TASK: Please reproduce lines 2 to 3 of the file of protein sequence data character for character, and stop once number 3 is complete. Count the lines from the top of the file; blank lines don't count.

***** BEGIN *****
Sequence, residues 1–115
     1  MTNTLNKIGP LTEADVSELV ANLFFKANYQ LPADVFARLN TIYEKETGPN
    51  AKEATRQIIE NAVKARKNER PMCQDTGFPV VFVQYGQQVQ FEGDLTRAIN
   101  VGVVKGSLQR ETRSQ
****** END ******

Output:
     1  MTNTLNKIGP LTEADVSELV ANLFFKANYQ LPADVFARLN TIYEKETGPN
    51  AKEATRQIIE NAVKARKNER PMCQDTGFPV VFVQYGQQVQ FEGDLTRAIN